The final dividend was reinstated at dividend of 1.3 cents a share versus nothing when reporting in March 2020, said due to strength of Coats’ balance sheet and confidence in the outlook.
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With consensus looking for a total 1.8 pay-out cents this year and 2.1 cents in 2022, the prospective yield is barely over 2% - i.e. unlikely to attract income-seekers and no real prop should markets fall.
Moreover, since the end-2020 balance sheet had $289 million intangible assets in context of $319 million net assets net tangible assets per share only equate to 1.5p a share equivalent.
That would suggest the stock is high enough and you would await more evidence given Coats’ slack historic revenues. Cost-cutting and streamlining can only go so far, revenue growth is a chief driver of investment value. (The possible exception for income-seekers, being a mature business throwing off so much cash it gets substantially distributed and you are looking at a 5%+ yield.)
Coats - financial summary
Year end 31 Dec
|Turnover (£ million)||1,473||1,457||1,356||1,415||1,389||1,163|
|Operating profit (£m)||112||153||154||147||191||103|
|Operating margin (%)||7.6||10.5||11.4||10.4||13.8||8.9|
|Net profit (£m)||-50.6||59.3||80.8||39.2||95.7||26.4|
|Reported earnings/share (p)||1.8||4.5||4.9||3.8||6.6||1.8|
|Normalised earnings/share (p)||4.0||4.8||5.2||7.3||6.9||2.0|
|PE ratio (x)||29.5|
|Operating cashflow/share (p)||3.2||0.5||-16.2||7.0||9.9||4.5|
|Capital expenditure/share (p)||2.3||2.8||3.5||3.2||2.7||0.8|
|Free cashflow/share (p)||0.9||-2.3||-19.7||3.8||7.2||3.7|
|Dividend per share (p)||0.0||0.8||1.4||1.7||0.6||1.3|
|Covered by earnings (x)||5.4||3.4||2.3||12.0||1.4|
|Return on capital employed (%)||8.5||16.4||16.2||16.3||21.0||12.1|
|Return on equity (%)||32.1||39.1||19.7||32.5||8.6|
|Net debt (£m)||-241||-78.4||241||222||215||247|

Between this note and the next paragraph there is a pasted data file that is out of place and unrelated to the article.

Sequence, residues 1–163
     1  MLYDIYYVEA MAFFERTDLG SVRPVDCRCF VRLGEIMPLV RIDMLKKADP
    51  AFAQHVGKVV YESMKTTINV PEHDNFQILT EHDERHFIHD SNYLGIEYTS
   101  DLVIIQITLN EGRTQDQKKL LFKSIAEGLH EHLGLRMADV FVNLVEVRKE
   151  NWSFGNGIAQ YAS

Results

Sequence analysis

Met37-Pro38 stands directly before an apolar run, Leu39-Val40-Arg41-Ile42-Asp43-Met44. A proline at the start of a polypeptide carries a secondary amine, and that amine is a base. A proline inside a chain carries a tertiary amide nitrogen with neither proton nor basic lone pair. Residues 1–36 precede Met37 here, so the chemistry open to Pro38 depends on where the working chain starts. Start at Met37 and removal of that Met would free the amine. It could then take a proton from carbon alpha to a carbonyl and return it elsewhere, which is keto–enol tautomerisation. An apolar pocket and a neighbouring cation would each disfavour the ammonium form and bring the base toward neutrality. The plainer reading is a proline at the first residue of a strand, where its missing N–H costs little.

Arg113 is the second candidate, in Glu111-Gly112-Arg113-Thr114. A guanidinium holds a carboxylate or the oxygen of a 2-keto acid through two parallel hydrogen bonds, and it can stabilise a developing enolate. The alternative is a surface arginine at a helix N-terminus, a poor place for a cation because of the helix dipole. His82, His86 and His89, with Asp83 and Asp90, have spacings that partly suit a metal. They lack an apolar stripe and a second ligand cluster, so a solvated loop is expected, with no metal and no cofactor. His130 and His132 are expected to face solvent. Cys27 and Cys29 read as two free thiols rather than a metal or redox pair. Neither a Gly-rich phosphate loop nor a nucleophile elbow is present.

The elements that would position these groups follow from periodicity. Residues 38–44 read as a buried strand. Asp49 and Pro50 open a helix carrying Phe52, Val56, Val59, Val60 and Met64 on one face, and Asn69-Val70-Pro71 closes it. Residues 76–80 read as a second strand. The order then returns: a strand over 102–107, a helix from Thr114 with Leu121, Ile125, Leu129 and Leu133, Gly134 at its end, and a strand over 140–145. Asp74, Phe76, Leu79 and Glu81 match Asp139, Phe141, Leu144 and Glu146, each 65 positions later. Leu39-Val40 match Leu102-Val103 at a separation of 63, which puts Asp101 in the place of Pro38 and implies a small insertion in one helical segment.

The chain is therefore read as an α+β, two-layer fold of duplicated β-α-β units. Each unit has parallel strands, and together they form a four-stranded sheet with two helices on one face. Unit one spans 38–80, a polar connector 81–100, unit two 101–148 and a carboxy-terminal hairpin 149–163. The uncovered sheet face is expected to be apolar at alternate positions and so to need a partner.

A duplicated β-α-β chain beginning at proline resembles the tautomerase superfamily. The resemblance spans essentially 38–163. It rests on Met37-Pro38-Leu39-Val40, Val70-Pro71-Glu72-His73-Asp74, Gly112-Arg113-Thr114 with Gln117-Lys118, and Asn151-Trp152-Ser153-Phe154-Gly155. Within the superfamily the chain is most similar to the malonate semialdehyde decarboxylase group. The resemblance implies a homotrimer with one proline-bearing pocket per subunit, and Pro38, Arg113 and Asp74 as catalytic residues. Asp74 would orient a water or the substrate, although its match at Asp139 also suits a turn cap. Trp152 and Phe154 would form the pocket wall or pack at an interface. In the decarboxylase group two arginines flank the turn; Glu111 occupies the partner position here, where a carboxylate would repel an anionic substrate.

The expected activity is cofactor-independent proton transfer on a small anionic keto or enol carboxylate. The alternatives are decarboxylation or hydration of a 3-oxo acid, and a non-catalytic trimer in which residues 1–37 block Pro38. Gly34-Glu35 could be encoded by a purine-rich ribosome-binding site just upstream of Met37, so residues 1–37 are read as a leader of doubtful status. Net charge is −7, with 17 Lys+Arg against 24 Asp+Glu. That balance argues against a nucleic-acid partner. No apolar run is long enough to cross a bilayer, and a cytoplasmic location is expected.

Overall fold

|Net assets (£m)||329||68.5||286||271||321||291|
|Net assets per share (p)||23.7||5.0||20.5||19.2||22.5||20.1|
Source: historic company REFS and company accounts
Market sentiment still favours global recovery plays
Coats is the kind of stock with global revenues, potentially attractive as a means to play the aftermath of Covid-19. Global infections continue to rise but monetary expansion has contributed to excess risk capital seeking a home, it may well continue to do before companies actually report better growth.
Unless stocks destabilise on inflation/interest rate worries, Covid-19 variants outwitting vaccines or nationalist aggression by China or Russia, Coats may remain well-bid. While less likely to become a momentum stock it meets aspects of current investor needs.
In its main apparel and footwear side, a demand shift from West to East is under way with the domestic China market expected to outgrow both Western Europe and the US by 2024.
Europe, the Middle East and Africa – EMEA – already constitutes just 19% of Coats’ sales and the Americas 27%, hence strong Asia Pacific positioning bodes well to capitalise on the trend.
And in terms of Asian manufacturing, a state-of-art automated pilot project at a Chinese facility is due to complete this June.
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The CEO’s outlook statement remains “cautious around the recovery profile of our various global end markets and inflationary pressures within the supply chain”. Notwithstanding this uncertainty, “the board expects to see continued recovery through 2021”.
Over 90% of net assets constitute intangibles
Be aware of this, within an allegedly “strong” balance sheet. Net debt has also risen within from $150 million to $181 million after cash fell 59% to $72 million. Otherwise, long-term debt is down 19% to $230 million and short-term debt by 48% to $23 million.
Net finance costs of $24.8 million took 22% of normalised operating profit versus 14% in 2019 albeit when profit was higher. In due respect, trade payables are broadly in line with trade receivables (no delaying on payment to suppliers) and there is an £11.4 million pension surplus.
Coats’ balance sheet therefore has respectable elements. This is not a strong conviction stock but can have a role within a diversified global portfolio – according to your situation. Buy.
Edmond Jackson is a freelance contributor and not a direct employee of interactive investor.